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A new bill has been introduced in the Senate and the House of Representatives that would ban any college that participates in federal student aid programs from offering admissions preferences to children of alumni or donors.
Similar proposals have failed in the past, and this bill will face a tough road ahead. But several factors have the sponsors and their supporters hopeful this time around.
The bill has support from more than 20 progressive organizations, including the American Civil Liberties Union.
“All students deserve a fair chance to get accepted into the university of their dreams, but legacy admissions policies overwhelmingly work to benefit white and wealthy students while excluding first generation, low-income and students of color from access to higher education,” said Carlos Moreno, senior campaign strategist with the ACLU. He called on Congress to hold hearings and vote on the bill soon.
Another supporter of the bill is Edward Blum, who leads the group challenging the affirmative action programs at Harvard University and the University of North Carolina at Chapel Hill in the Supreme Court.
“From the day we filed our lawsuits against Harvard and the University of North Carolina, Students for Fair Admissions has clearly argued that legacy preferences should be eliminated in order to create a more equitable admissions process for students of all races and ethnicities,” he said. “Regrettably, Harvard, the University of North Carolina and dozens of other competitive schools continue to lower the admissions bar for the children of their alumni by vigorously claiming that these legacy preferences help ‘create a community’ and ‘promote donor gifts.’”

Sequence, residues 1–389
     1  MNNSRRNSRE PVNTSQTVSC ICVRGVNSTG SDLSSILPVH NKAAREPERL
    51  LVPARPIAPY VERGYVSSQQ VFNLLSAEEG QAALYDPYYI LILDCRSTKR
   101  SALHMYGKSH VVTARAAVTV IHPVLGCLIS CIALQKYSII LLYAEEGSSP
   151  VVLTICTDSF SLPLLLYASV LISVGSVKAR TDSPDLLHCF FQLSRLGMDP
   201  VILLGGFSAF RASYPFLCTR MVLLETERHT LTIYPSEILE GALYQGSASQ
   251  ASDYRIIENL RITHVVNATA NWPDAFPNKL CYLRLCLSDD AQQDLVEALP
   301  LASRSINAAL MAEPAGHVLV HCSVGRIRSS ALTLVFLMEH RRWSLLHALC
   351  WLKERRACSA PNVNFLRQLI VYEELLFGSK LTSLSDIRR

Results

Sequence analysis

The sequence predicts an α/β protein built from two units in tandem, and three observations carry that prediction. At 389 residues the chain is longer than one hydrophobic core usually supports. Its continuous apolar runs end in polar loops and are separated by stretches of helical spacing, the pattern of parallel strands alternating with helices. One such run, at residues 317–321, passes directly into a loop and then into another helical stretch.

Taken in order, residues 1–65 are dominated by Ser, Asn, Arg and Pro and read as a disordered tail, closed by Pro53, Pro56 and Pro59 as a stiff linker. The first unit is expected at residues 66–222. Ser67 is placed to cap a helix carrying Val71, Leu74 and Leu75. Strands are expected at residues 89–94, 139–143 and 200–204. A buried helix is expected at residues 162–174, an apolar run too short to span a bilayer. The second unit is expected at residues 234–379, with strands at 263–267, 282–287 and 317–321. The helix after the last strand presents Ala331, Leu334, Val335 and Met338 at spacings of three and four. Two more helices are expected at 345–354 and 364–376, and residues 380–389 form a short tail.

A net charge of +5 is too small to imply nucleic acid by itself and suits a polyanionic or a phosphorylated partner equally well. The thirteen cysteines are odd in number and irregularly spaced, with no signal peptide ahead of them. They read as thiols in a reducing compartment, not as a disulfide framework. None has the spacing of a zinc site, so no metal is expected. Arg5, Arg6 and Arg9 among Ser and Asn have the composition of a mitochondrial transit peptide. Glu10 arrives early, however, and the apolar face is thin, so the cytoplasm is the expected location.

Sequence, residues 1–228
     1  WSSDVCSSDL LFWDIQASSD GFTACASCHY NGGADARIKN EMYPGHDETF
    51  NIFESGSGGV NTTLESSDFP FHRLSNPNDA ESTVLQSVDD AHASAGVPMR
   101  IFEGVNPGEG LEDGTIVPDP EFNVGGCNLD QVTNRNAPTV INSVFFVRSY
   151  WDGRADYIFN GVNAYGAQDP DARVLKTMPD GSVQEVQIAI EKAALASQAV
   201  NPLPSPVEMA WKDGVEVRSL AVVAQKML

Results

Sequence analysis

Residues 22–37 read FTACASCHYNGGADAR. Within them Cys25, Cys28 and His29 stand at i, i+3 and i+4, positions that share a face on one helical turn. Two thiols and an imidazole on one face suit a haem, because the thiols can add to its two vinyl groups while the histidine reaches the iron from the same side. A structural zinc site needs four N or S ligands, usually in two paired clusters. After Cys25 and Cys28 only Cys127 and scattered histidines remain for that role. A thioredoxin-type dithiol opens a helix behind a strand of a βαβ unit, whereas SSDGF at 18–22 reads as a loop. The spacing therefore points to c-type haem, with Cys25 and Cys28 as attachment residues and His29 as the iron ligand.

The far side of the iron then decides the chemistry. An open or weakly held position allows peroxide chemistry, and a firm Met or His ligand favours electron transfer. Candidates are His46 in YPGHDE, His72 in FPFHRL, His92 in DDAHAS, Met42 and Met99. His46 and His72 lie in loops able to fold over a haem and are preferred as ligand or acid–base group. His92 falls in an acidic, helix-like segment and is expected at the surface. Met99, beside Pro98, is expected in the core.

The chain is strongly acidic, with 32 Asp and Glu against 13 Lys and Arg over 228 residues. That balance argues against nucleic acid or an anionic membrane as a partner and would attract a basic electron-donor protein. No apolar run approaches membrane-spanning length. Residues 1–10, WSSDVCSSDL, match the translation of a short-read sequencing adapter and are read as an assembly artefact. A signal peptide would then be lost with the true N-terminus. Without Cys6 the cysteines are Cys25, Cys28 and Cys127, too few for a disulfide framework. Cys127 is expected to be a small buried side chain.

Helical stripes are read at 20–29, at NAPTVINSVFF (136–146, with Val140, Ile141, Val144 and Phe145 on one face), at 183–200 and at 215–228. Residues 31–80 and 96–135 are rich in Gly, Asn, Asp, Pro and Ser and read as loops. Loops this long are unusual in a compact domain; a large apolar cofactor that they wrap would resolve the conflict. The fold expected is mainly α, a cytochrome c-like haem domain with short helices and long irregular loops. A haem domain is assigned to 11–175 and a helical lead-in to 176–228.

The bill, the Fair College Admissions for Students Act, is sponsored by two Democrats, Representative Jamaal Bowman of New York and Senator Jeff Merkley of Oregon.
The proposed legislation also has a potential escape clause for some institutions. The secretary of education may exempt historically Black colleges and other minority-serving institutions if they can demonstrate that “the preferential treatment is in the best interest of students who have been historically underrepresented in higher education.”
Merkley posted on Twitter Wednesday to promote the bill.
“College admission can hinge on how wealthy or well-connected your parents are—just plain unfair. @RepBowman and I introduced the Fair College Admissions for Students Act to ban legacy and donor preference and make the process fairer,” he tweeted.
Bowman said on Twitter, “It’s time for students that have been disproportionately affected by legacy admissions to gain a fair and equitable advantage in the college application process. Higher education institutions favoring donor and legacy applicants must come to an end!”
Michael Dannenberg, vice president for strategic initiatives and higher education of Education Reform Now, and a long-standing critic of legacy admissions, is optimistic about the likelihood of the measure receiving more support than it has in the past.